Title: Tokyo Soil Samples Would Be Considered Nuclear Waste In The US
Source: Fairewinds Associates
Date: March 25, 2012
Transcript Excerpts with Emphasis Added
Arnie Gundersen, Fairewinds Chief Nuclear Engineer: [...] Couple of weeks ago though, I was in Tokyo and when I was in Tokyo, I took some samples. Now, I did not look for the highest radiation spot. I just went around with five plastic bags and when I found an area, I just scooped up some dirt and put it in a bag. One of those samples was from a crack in the sidewalk. Another one of those samples was from a children’s playground that had been previously decontaminated. Another sample had come from some moss on the side of the road. Another sample came from the roof of an office building that I was at. And the last sample was right across the street from the main judicial center in downtown Tokyo. I brought those samples back, declared them through Customs, and sent them to the lab. And the lab determined that ALL of them would be qualified as radioactive waste here in the United States and would have to be shipped to Texas to be disposed of.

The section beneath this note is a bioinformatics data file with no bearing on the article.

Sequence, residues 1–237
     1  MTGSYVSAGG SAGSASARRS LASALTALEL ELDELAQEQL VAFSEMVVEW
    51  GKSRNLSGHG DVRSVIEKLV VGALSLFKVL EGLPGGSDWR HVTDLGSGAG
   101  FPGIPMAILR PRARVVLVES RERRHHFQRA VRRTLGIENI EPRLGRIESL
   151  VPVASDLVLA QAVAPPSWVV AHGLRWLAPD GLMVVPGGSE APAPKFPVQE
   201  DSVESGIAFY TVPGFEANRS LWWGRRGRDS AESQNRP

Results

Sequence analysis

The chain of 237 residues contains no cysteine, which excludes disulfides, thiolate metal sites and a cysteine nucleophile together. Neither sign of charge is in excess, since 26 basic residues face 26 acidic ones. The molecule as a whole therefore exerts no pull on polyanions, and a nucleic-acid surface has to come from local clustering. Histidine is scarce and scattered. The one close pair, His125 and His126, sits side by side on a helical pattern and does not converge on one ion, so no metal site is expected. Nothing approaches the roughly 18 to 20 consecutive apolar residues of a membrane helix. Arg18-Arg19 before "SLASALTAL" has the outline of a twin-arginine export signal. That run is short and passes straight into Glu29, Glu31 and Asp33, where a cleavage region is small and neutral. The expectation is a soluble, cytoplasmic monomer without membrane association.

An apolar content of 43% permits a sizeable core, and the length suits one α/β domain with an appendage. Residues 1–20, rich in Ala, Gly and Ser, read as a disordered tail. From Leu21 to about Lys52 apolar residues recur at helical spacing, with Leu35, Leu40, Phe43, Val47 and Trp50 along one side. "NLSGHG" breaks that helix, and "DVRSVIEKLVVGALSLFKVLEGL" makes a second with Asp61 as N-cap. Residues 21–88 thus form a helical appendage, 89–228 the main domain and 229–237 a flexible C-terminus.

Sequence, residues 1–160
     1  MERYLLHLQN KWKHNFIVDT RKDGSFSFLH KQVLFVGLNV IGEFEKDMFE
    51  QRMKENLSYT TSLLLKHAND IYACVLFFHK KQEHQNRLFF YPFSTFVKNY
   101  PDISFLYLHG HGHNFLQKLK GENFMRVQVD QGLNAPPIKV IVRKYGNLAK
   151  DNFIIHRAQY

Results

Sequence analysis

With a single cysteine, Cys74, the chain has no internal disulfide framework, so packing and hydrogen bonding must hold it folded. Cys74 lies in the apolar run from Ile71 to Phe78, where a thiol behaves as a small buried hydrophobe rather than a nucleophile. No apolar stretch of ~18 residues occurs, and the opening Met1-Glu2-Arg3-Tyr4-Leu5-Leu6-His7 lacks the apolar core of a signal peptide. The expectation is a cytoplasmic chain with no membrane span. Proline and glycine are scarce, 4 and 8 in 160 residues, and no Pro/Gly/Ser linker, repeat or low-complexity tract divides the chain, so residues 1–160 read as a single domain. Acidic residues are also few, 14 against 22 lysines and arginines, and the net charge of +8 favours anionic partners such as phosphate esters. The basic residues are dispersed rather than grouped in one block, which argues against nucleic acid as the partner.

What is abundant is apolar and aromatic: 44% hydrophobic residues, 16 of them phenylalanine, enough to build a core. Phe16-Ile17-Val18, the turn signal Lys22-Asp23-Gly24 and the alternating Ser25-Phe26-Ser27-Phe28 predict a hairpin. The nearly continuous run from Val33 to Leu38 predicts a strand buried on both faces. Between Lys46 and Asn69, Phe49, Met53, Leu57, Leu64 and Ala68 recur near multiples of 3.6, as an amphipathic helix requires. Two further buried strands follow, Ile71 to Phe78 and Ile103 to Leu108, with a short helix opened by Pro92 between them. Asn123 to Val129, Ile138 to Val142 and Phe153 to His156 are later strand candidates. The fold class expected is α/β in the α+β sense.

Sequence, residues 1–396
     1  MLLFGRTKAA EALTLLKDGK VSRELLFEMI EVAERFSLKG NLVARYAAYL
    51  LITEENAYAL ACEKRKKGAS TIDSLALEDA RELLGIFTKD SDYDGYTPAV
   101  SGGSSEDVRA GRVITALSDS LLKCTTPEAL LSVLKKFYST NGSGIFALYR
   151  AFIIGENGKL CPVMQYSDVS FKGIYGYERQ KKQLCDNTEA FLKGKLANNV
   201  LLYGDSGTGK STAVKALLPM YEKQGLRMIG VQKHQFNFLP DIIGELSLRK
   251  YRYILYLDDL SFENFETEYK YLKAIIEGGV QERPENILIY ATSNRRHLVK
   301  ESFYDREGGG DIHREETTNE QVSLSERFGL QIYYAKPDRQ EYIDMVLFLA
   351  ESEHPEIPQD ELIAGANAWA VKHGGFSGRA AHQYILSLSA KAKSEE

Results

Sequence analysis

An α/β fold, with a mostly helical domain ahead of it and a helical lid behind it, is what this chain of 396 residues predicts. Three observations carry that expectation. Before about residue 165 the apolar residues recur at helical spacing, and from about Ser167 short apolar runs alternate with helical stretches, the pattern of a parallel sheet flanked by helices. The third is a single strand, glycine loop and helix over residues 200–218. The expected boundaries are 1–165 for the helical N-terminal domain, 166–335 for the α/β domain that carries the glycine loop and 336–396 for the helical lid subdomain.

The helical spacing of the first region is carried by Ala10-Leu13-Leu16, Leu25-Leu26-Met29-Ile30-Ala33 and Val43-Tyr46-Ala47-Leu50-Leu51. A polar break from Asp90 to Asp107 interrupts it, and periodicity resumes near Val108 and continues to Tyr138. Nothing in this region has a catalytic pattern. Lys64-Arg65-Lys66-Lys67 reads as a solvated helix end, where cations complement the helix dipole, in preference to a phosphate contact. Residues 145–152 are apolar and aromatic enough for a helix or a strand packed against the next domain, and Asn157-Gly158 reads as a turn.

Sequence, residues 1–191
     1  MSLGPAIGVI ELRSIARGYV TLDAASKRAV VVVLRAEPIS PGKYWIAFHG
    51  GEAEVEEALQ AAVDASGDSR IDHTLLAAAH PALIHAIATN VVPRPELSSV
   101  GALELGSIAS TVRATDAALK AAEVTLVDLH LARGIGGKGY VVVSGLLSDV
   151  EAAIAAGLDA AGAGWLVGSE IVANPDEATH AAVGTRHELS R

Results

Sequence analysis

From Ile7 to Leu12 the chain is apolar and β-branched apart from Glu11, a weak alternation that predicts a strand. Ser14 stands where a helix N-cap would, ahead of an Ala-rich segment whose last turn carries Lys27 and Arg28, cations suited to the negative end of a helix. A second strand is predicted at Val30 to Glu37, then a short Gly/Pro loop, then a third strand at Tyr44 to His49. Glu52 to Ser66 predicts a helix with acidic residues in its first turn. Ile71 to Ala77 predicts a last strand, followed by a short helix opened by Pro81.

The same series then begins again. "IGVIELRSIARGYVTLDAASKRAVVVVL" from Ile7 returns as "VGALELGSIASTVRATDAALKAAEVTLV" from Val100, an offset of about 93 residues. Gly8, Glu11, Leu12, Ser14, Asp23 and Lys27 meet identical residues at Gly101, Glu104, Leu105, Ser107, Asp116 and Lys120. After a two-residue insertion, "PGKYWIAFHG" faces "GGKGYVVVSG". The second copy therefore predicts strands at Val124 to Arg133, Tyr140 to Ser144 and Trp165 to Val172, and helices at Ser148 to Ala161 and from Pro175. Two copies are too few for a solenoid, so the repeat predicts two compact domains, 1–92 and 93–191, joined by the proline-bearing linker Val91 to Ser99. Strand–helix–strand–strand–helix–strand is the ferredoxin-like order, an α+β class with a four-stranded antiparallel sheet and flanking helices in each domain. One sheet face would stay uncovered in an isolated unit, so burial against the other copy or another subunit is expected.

Now think about the ramifications for the nation’s capital, whether it is Tokyo or the United States. How would you like it if you went to pick your flowers and were kneeling in radioactive waste? That is what is happening in Tokyo now.
Tokyo soil in some places, the ones I just happened to find, would qualify as radioactive waste here in the United States.
How would we feel if our nation’s capital were contaminated to that degree? So I agree with Chairman Jaczko, new nukes and old nukes that are being re-licensed should include as a cost in their analysis what we have learned to be happening in Tokyo and in Japan.
Thank you very much and I will keep you informed.
Watch the report here
Note that samples are tested wet. Drying out the samples would most likely result in higher radioactivity readings on a per kilogram basis.
Cobalt-60 @ 40 pCi/g = 40,000 pCi/kg = 1481.48 Bq/kg
Published: March 26th, 2012 at 6:23 am ET